DEBRA MOORE: To remedy that deficit, there was a decision yesterday by the mayor and the city leaders to lay off staff, so a determination was made that five police officers would be laid off. The interesting thing, however, is that, during the time of this meeting almost, there was a robbery occurring in the Schnucks store, our local major grocer, and it resulted in the death of a security guard.

PAUL SOLMAN: And yet they're laying off policemen at the same exact moment?

DEBRA MOORE: That is the plan, to lay off policemen.

VICKIE FORBY, Tomorrow's Builders YouthBuild Charter School: This is the recording studio. It's been almost entirely built by the students of YouthBuild.

Connections are extremely important

PAUL SOLMAN: Vickie Forby's charter school takes kids that haven't made it elsewhere. YouthBuild teaches hands-on job skills, like building a recording studio.

VICKIE FORBY: They've done everything from laying the tile, staining the wood, selecting the wood. The ceiling was really incredible to watch them do. They had to tear out all the old tiling that was in the building and take all the old air conditioning system out.

PAUL SOLMAN: So you've got kids here who can do, as far as the eye can see, truly professional work?

VICKIE FORBY: Absolutely.

PAUL SOLMAN: Kids who can build a pro sound studio, but can't find a job.

SHONTEZ BEARD: People that I grew up with, you know, they're either dead or in jail or -- you know what I'm saying? So...

PAUL SOLMAN: Are any of them working?

SHONTEZ BEARD: Not for real.

PAUL SOLMAN: Joeshawn Williams, elaborating on what you heard earlier.

JOESHAWN WILLIAMS: You've got to know somebody. If you don't know nobody, there ain't even no use to wasting your time, because that's what the world's about these days. You've got to know somebody.

PAUL SOLMAN: Is it true?

ANTONIO RHODES: Yes, it's very true, because I done had at least six jobs. And the only reason I have got them was because I knew the manager or I knew one of their employees. You even have to get connections at McDonald's. I don't know why, but it's like that. That's how -- you have to have connections to work at McDonald's.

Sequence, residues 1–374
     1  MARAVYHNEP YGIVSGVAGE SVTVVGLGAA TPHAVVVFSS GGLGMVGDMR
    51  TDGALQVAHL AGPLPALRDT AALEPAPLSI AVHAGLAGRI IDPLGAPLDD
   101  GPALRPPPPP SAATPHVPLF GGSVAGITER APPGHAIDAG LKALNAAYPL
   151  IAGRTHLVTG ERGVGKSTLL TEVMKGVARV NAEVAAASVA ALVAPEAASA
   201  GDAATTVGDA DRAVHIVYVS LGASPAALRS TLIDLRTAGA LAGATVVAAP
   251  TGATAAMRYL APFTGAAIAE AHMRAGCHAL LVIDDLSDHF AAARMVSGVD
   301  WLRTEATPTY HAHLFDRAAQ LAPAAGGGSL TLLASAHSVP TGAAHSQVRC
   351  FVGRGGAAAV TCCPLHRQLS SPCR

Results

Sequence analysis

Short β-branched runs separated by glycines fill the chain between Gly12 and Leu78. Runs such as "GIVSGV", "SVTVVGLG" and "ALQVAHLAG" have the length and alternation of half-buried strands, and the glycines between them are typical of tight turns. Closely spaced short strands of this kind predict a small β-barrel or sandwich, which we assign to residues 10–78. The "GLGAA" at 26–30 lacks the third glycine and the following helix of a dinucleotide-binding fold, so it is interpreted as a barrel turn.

PAUL SOLMAN: So the cliche would seem to hold: It's not what you know, it's who you know.

And if you live in the inner city, who do you know? You have far fewer valuable human connections, less so-called social capital, a concept developed by economist Glenn Loury, whose own teenager just got a summer job in Cambridge because he does have connections.

GLENN LOURY, Brown University: Did my kid earn that? No. The kid just got the benefit of having his dad know somebody who could hook him up.

PAUL SOLMAN: But you can understand the employer's point of view.

GLENN LOURY: If you get word of mouth, if someone you trust, who'll not send someone over who's going to not work out, then you tend to rely on that. I wish I could make a new world in which these kids didn't sit, you know, over on the dark side of the moon practically in terms of social connection, but there it is.

PAUL SOLMAN: Does it get worse in a downturn?

GLENN LOURY: Yes, it gets desperately worse. Maybe people are falling over into the criminal justice system more so than they otherwise would, things of this kind. So the cost here could be quite substantial.

Blacks hit harder in downturn

PAUL SOLMAN: This is speculative, of course. What's not is that blacks now, as back in the '30s, are being hit hardest, says economist William Rodgers.

WILLIAM RODGERS, Rutgers University: When we entered the recession, African-Americans started with a higher unemployment rate. And as we have gone through these last 16 months, the gap has widened, that is, African-American unemployment rates have risen faster, particularly men's, have risen faster than they have for whites.

BOBBY WILLIAMS: This is the building that I work in.

PAUL SOLMAN: Our last stop in East St. Louis, a burnt townhouse being painted by an old friend of Andy Theising's, Bobby Williams. He at least has a job.

BOBBY WILLIAMS: But not enough money to live off of, not enough money to live off of. If I got $100 bucks a week, I'd be happy.

PAUL SOLMAN: A musician who's long survived as a day-laborer, Williams can no longer rely on the community that once employed him, however meagerly.

BOBBY WILLIAMS: Nobody has any money. I can't walk down the street every day and say, "Let me paint your fence," because the people whose fence that need painting don't have any money to pay for it. Most of the time I wind up doing it for, "Well, you can do this for me, and I'll do this for you."

PAUL SOLMAN: So the Great Recession has left Bobby Williams bartering long after the Great Depression. It's a richer, more equal country, but for students of African-American employment, there's a sense in which it's the same, old song.